Put two traders in a room, and one might scream to sell while the other puts in orders to buy. So who’s right? Well, they both could be—depending on the indicators they’re looking at and the kind of trading you want to do.
We’ve rounded up our InvestorPlace advisors to give you their read of the market. Let’s get to the analysis:
John Jagerson and Wade Hansen, Slingshot Trader
The situation in Europe is a little scary, but we aren’t ready to forecast a bear market yet. If anything, a small correction may provide very attractive new bullish entries in the short term. It is a situation that deserves to be watched cautiously but at this point it hasn’t led to much more than a small consolidation among the stable indexes. We will continue to look for a mix of bearish and bullish positions with an emphasis on companies that are likely to benefit (or suffer) the most from changes in the eurozone.
Jon Markman, Trader’s Advantage and CounterPoint Options
Don’t get me wrong: I’m not looking for a spine-tingling decline, or a wipe-out, or anything of the sort. I’m just saying that there is likely to be an emotional reset that catches a lot of people by surprise, but it isn’t likely to be sudden – more of a slow, muted hiss, like air escaping from a bicycle tire while it sits in the garage. This mess in the eurozone certainly has the capacity to deflate the market like that. I see a lot of potential shorts but still want to witness more than just spurts of selling before heading into a style of trading that has really blown a lot of traders up this year.
John Lansing, Parabolic Options, Trending123 and Power Trading at the Open
We’re told, “Don’t worry about the currencies. Don’t worry about Cyprus. Don’t worry about the news. Don’t worry about Italy, Spain or Austria. You name the country, don’t worry about it if it doesn’t have to do with the United States. Don’t worry about Caterpillar (NYSE:CAT). Don’t worry about bad earnings with FedEx (NYSE:FDX). Don’t worry, don’t worry, don’t worry, don’t worry.”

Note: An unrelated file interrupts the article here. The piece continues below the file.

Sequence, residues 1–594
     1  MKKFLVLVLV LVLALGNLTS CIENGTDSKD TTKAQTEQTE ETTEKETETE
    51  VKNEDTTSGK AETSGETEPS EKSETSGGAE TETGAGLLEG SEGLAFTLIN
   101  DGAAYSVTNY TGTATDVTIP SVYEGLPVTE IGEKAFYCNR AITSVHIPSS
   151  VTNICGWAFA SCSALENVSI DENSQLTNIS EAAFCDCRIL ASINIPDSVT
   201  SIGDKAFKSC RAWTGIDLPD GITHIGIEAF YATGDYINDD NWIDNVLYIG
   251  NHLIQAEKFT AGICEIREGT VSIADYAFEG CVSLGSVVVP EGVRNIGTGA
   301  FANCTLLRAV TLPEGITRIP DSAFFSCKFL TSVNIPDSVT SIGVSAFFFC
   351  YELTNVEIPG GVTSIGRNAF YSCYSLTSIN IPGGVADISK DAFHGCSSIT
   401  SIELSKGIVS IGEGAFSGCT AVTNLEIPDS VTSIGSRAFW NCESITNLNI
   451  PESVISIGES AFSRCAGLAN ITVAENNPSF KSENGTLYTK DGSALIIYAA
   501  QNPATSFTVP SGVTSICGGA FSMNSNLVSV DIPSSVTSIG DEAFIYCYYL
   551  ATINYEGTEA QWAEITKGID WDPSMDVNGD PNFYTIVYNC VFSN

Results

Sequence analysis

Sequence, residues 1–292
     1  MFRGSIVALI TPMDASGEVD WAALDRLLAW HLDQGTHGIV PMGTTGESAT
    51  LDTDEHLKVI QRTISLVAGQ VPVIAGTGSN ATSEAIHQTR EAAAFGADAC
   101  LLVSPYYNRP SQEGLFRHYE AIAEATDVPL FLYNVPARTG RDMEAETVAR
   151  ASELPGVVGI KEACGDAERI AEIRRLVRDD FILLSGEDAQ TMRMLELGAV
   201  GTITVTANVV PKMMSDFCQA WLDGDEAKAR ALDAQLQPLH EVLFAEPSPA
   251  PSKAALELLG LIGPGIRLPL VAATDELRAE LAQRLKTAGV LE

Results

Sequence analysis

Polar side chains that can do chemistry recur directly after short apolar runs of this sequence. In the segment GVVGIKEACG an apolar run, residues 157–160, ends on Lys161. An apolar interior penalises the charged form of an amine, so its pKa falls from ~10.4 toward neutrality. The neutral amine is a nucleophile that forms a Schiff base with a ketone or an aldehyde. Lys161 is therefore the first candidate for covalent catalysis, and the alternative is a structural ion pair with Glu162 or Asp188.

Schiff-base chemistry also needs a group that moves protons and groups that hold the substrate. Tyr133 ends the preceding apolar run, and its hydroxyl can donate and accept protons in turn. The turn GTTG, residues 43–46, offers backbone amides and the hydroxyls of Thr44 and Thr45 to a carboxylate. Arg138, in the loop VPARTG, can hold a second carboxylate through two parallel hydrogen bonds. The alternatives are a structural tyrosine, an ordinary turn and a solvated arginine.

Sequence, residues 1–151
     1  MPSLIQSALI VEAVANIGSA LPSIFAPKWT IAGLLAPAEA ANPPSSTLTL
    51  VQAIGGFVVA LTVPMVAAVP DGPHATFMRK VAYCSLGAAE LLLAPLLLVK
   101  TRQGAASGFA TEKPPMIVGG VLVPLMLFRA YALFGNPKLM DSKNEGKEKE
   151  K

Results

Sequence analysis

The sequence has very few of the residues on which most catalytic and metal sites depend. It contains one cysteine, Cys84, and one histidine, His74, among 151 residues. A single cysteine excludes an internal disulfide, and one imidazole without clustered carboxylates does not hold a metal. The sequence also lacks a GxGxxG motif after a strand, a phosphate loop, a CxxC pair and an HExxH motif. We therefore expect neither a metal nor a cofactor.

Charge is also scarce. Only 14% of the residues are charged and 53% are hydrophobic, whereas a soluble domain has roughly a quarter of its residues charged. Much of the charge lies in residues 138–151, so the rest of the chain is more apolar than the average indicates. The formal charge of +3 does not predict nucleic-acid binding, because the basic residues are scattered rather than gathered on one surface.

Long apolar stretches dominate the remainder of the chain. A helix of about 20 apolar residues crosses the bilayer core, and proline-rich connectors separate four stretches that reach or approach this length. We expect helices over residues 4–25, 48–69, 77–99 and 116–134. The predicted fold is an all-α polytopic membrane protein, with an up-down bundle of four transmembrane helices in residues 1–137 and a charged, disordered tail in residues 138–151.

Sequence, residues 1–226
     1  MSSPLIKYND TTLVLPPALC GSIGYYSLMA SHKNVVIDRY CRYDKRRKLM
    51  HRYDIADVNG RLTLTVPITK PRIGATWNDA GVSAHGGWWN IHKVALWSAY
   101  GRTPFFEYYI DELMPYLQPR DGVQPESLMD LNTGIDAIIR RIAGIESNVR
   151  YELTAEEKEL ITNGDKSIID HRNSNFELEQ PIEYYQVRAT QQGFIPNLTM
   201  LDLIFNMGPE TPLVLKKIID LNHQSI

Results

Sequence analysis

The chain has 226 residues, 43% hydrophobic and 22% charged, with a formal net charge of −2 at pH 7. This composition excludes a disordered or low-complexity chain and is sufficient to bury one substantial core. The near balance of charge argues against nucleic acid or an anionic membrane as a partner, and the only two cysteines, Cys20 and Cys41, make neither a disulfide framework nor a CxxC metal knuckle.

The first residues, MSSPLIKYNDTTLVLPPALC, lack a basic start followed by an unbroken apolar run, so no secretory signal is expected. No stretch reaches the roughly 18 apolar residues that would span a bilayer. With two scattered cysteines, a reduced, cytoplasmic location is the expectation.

If everything is a “don’t worry,” when is it actually time to start worrying? When bellwethers like FDX and United States Steel (NYSE:X) aren’t doing so hot, it’s smarter to listen than to tune out the warning.
Ken Trester, Maximum Options
Our indicators are giving bullish readings, unchanged from last week. As we mentioned might happen last week, the indexes have fallen into a “pause to refresh” trading pattern. Hopefully it will be similar to what we saw in February, when stocks traded sideways for several weeks, then moved sharply higher into March. As we are again heading into the first week of a new month, which is generally a bullish calendar period, perhaps that kind of move will take place again.
But even if a sell-off takes place instead, it should not knock the indexes out of their current bullish trends, which will remain intact as long as the Dow stays above 14,120, the S&P 500 above 1525, and the Nasdaq above 3190. Those numbers represent the index’s respective 50-day moving averages. The averages have been moving steadily higher along with the indexes, and they can be used as stop-losses not only for the general market trend but also by traders for their stock and mutual fund holdings.